So you – the enterprising entrepreneur – think raising capital for your business is tough? Not necessarily, if you know how to go about it. We ask private equity investor Jeffrey Paine how.
Jeffrey Paine has been in private equity and business investment for 7 years, and has invested in companies in India, China and the United States. He gives us some tips on how and where entrepreneurs can seek funding.
Where are the main sources of funding for small start-up businesses?
Entrepreneurs should look for investment in this order –
First, an entrepreneur’s own money. Investors will not be confident in entrepreneurs who don’t pump money into their own businesses.
Next, try your friends and family. These are the people who will usually offer you loans with reasonable or no interest. Just be careful – most people think that raising money is the hardest thing. It is actually returning the money – especially when it comes to friends and family – because bridges can be burnt very easily.
Then you move on to business angels you don’t know very well. Try to get an introduction from someone who knows the angel. Do your research. You need to know who his best friends are, and those who do business with him and whom he trusts. Make friends with them. Always have the business angel like you as a person first, and then do your pitch only if they want to talk business. One thing to remember – when someone introduces someone else, their reputation is at stake.
Finally, you can approach institutional investors such as venture capitalists. However, in Asia there are very few institutional investors who focus on early stage deals – they are usually risk-averse.
How do I know if an investor would be interested in investing in my business?
Businesses belong to two categories – highly-scalable businesses, or normal sustainable businesses. Depending on investors, they may look at either kind of businesses.
It also depends on the profile of the investors, who look for different kinds of qualities in businesses.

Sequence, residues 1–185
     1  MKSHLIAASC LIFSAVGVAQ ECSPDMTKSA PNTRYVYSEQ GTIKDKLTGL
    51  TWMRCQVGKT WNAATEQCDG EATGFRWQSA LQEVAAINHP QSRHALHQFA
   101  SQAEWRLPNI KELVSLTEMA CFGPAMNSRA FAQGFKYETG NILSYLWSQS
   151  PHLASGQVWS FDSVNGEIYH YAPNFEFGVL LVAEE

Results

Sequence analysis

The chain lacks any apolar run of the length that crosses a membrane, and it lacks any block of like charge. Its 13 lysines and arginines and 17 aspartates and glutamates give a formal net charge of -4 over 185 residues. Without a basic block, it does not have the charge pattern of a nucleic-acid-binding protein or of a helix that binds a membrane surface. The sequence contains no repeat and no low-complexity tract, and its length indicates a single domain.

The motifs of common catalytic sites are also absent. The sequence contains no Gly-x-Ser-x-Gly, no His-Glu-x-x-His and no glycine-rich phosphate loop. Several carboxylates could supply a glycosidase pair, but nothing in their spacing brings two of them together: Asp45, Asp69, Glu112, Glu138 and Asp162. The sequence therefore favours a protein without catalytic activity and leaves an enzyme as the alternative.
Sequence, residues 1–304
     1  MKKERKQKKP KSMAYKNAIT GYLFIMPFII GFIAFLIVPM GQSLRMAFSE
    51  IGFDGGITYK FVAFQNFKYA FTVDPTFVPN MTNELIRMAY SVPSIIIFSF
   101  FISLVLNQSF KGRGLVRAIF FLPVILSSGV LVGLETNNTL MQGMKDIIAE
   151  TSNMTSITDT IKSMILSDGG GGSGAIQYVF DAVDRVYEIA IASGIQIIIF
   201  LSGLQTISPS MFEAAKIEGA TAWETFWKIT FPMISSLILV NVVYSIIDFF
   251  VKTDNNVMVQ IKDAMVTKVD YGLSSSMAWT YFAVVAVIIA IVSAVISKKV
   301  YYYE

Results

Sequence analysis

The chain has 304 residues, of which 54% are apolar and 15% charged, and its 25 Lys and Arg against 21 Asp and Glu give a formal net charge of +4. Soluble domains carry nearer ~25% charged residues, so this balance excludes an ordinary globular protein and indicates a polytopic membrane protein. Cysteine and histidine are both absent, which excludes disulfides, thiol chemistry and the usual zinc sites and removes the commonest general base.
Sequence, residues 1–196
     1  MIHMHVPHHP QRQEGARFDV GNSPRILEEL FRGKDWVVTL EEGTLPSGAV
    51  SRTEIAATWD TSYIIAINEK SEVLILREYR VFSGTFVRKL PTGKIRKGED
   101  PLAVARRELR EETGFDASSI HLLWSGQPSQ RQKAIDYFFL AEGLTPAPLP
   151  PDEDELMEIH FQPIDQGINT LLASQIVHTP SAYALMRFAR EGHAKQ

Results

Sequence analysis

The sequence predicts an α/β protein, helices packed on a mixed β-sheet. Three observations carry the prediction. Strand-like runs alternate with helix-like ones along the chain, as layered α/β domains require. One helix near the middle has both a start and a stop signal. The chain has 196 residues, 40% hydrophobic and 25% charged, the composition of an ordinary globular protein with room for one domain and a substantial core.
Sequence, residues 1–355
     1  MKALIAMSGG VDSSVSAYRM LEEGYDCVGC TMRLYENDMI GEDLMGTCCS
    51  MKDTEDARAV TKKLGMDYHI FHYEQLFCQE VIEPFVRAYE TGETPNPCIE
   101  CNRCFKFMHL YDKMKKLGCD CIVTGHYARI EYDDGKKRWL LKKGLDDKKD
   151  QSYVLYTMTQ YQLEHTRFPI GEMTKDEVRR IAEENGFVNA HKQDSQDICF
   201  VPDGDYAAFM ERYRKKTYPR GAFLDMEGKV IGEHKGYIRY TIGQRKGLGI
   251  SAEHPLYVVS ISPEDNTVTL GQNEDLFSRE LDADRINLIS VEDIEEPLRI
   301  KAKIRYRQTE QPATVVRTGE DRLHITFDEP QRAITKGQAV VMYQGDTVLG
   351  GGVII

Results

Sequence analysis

Strategic investors are those for whom returns are not the main focus and invest for different reasons, such as business angels. Friends and family who invest in your business also fall into this category.
On the other hand, risk investors are those who look at market size, strength of management team, and how unique the product or service is. Most importantly, how highly probable they can exit and get their money back. A business’ market size will determine its scalability of the business and hence its returns.
All business plans should be structured for risk investors. It’s the hardest to do.
How do I approach investors?
First you always have to have a solid business plan. How do you know whether it is solid or not? You may not know, so you have to find someone with experience to read it. Choose the right people to get advice from, such as other businessmen. If your business plan is professionally done, no one can blame you if things go south. You are ultimately accountable to anybody who invests with you.
When approaching investors, never be too openly needy. Don’t ever say you’re raising money. Think about it – If you’re that good, you probably already have funding. There’s currently too much money and too few good deals in Asia, so you can afford to play hard-to-get.
Interestingly, public relations help.
What kinds of businesses receive the most funding?
Not surprisingly, consumer technology – mobile and Internet – receive the most money from venture capitalists. Depending on their background, business angels can invest in bars, restaurants etc. Silicon Valley venture firms like to contribute and invest back into technology companies.